So-Called Dollars


Pedley-Ryan & Co., Denver investment house, in order to provide a convenient medium for speculation in silver and to increase the use and popularity of silver as a medium of exchange, started a "Buy-an-Ounce-of-Silver" campaign Jan. 5, 1933. Silver at that time was in very limited demand, bar silver being quoted at 27 cents an ounce. Up to that time, the minimum amount of silver traded in on the big markets for actual delivery was 25,000 ounces, and this amount had been sold only since summer 1932.

On Jan. 5, Pedley-Ryan began its sale of round, rimless, plain-edge discs. Size of a standard U.S. dollar, they contained one ounce of silver, 430 grains 99% fine. The slugs were sold three for a dollar and Pedley-Ryan was to redeem them at prevailing market prices of silver. It was believed that thousands of investors throughout the country would purchase the "dollars" and would realize large profits when silver reached the 16 to 1 ratio hoped for by the silver bloc. Silver mining interests in Colorado and elsewhere would, in the meantime, benefit from an increased market for silver.

The campaign, which enabled even the smallest investor to speculate, ended in late summer. Sales had not reached anticipated goals. After that, Pedley-Ryan (later known as the Cow Gulch Oil Co.) sold bars of 1,000 ounces only.

Planchets for the pieces were made for Pedley-Ryan by the Sachs-Lawlor Co., Denver, the silver being obtained from the Denver Mint in 100-plus ounce bars. The discs were stamped by a girl in the Pedley-Ryan office. All have plain edge. First five types sold by Pedley-Ryan were stamped or punched (incuse) while Type VII was embossed. Types V and VI, incuse, are not listed in Kenney.

In An Inside View of the Coin Hobby in the 1930s: The Walter P. Nichols File, Q. David Bowers reproduces a series of postcards to Nichols from Ernest Cerny of Denver in March and April, 1933. Cerny describes Nos. 822 and 824 as difficult to find, but available for sale at $2.50 and $2.00 respectively. No. 825 is described as common, available at 3 for $1.25. He implies that those were the only three types he knew had been produced. Cerny states that 87 pieces were stuck of No. 824, a figure that is slightly different from the 85 mintage listed below. Since Cerny does not mention No. 823 at all, it is possible that his mintage figure includes specimens of both Nos. 823 and 824.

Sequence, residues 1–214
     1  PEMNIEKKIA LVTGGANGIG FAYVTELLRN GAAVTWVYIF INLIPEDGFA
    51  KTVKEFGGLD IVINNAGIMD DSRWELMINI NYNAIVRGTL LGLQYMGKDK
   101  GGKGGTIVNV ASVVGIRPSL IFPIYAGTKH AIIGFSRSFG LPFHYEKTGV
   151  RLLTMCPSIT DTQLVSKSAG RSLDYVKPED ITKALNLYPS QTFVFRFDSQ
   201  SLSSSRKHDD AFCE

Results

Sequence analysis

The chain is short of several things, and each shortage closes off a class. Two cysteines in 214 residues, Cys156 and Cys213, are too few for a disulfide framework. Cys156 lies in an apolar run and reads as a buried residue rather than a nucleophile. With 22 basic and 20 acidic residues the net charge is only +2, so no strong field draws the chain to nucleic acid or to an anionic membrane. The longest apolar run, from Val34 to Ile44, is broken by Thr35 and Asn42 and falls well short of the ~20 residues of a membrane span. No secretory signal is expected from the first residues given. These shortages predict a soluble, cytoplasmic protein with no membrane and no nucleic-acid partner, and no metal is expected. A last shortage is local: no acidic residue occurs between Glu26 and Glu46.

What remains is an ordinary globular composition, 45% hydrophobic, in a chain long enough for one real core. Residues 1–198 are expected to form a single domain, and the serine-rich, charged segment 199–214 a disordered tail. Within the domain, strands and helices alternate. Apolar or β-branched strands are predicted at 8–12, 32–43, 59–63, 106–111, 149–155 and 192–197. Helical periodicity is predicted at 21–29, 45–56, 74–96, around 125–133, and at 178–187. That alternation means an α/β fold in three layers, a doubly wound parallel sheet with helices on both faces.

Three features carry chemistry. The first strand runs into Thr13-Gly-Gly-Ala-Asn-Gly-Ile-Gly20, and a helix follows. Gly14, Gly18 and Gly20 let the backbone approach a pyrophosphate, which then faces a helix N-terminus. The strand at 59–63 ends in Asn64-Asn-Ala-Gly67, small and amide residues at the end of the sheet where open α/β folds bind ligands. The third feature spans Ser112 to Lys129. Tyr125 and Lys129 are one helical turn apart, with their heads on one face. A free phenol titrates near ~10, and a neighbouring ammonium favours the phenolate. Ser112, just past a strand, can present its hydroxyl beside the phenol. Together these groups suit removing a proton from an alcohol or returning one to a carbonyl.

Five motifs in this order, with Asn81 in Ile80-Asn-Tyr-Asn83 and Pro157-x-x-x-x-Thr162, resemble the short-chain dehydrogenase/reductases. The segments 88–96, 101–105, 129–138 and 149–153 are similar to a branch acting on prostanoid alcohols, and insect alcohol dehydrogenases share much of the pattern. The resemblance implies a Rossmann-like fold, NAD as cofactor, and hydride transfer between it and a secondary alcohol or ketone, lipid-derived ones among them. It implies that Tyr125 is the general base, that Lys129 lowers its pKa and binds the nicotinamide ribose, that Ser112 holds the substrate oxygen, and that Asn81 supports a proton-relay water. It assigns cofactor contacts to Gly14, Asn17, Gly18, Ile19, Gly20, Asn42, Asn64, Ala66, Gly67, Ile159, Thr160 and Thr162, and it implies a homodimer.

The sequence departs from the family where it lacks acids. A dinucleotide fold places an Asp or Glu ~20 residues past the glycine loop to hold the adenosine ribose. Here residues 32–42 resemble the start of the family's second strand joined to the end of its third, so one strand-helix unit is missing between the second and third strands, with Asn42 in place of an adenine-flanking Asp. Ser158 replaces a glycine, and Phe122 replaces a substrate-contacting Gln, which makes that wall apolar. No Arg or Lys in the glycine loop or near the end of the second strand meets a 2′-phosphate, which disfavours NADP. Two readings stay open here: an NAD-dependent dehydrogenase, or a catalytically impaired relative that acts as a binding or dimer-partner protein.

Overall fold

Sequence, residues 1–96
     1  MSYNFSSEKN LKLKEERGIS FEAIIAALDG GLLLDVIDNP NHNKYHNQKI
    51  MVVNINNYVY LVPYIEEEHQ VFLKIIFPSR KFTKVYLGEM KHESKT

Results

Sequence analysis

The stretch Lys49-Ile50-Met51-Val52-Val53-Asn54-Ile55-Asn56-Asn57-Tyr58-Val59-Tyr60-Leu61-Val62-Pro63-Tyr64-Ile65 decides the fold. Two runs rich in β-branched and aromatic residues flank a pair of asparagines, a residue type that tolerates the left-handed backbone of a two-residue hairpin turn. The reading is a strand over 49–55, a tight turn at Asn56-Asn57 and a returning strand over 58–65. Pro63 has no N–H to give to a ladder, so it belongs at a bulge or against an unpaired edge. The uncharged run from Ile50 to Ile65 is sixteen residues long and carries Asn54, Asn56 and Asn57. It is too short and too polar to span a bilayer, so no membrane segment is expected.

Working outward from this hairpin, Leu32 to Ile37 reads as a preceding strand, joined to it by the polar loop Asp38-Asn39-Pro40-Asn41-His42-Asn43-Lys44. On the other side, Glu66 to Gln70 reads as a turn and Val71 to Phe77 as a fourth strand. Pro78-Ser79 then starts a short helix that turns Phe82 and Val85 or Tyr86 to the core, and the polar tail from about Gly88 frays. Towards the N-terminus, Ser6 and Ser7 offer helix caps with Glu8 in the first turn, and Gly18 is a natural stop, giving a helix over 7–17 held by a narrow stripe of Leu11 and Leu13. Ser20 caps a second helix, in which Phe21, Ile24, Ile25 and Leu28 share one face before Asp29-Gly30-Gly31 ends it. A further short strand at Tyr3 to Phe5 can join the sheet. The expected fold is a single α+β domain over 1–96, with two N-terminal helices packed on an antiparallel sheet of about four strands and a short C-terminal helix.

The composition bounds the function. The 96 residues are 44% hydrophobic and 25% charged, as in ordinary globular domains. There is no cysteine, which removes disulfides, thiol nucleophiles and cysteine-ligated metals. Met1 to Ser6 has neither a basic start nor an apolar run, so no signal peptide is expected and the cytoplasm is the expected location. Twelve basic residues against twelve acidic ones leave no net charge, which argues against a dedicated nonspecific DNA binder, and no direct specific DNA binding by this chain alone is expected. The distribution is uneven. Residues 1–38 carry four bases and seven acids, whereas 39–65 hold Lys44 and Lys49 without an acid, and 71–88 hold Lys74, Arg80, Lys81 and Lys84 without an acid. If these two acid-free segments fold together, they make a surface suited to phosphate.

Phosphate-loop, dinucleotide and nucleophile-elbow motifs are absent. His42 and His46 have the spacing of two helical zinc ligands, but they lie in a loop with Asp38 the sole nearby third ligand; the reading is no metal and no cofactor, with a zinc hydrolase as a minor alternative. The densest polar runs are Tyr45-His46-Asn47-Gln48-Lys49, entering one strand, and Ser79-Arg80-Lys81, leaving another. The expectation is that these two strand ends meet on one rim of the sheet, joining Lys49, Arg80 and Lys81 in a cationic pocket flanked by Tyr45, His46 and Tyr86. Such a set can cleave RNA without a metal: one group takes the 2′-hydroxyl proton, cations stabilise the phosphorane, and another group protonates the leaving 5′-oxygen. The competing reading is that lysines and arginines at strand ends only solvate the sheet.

Only 60 issued, all on Jan. 5, 1933.

Photos courtesy of Dave Hayes

Obv. Pedley-Ryan & Co. • Denver
Rev. Pedley-Ryan & Co. • Denver [same as obverse].

HK-822 Silver. 38mm.


Only 15 issued, all on Jan. 6, 1933. This variety was withdrawn when it was discovered that an error, 90% instead of 99% Fine, had been made. The word Fine was chiseled out and the altered die was used to strike additional pieces (Type III) for the silver movement boosters present at the striking.

Photos courtesy of John Dean

Obv. Pedley-Ryan & Co. / Denver
Rev. One Ounce / Silver / 90% Fine

HK-823 Silver. 38mm.


Fewer than 85 pieces were struck, all on Jan. 6, 1933. See Type II above.

Photos courtesy of John Dean

Obv. Pedley-Ryan & Co. / Denver
Rev. One Ounce / Silver / 90%

HK-824 Silver. 38mm.


Not more than 500 issued, beginning Jan. 7, 1933. Pedley-Ryan expressed hope this would be "the last and final variety." Complaints developed, however, that some motorists were using the slugs in lieu of silver dollars at automatic filling stations. A further change then was made, both as to size and type (Type VII). It was reported previously that only "50 made" of this Type IV; obviously an error.

Photos courtesy of Tom Hoffman

Obv. Pedley-Ryan & Co. / Denver
Rev. 1933 / Silver / 430 Grains

HK-825 Silver. 38mm.


This is the same as Type IV except that word Denver was omitted on obverse. Apparently obverse die was cut incorrectly and error was discovered after only a few Type V were struck.

Obv. Pedley-Ryan & Co.
Rev. 1933 / Silver / 430 Grains

HK-826 Silver. 38mm.

Photos courtesy of John Dean


Bertram Robbins and his son Bertram Robbins, Jr., operators of a men's clothing store in Colorado Springs, bought 300 discs (Type IV) from Pedley-Ryan & Co. in Denver at bullion value. One Saturday morning in 1933, Bertram, Jr., seated in a store display window, used a punch-type die to make an impression Robbins on the Corner above Pedley-Ryan & Co. (In a few instances, the impression was made below Pedley-Ryan & Co.) With each purchase in the store, a customer could buy one of the discs for $1. All 300 pieces were sold that day. Kappen-Mitchell, Depression Scrip of the United States, Colo. No. 5.

Photos courtesy of Heritage Galleries (

Obv. Robbins / on the / Corner / Pedley-Ryan & Co. / Denver. The word Robbins is curved; remaining lines, straight.
Rev. 1933 / Silver / 430 grains

HK-827 Silver. 38mm.
HK-827a Same as above but Robbins / on the / Corner is below Pedley-Ryan & Co. / Denver.


This is the only embossed Pedley-Ryan; only 50 issued, beginning in June 1933.

Photos courtesy of Heritage Galleries (

Obv. Legend around, One Troy Ounce 999 Fine Silver; below, *** 1933 ***. Across frosted center, within circle, 480 / Grains / 999 Fine / scroll / Pedley-Ryan / & Co. / Denver, Colo.
Rev. Across frosted center, within circle, Bimetalism / 16-1 / Means Value / of This Token / Would be / $1.29; legend around, * Silver the Key to Prosperity *; below, The World Over

HK-828 Silver. 40mm.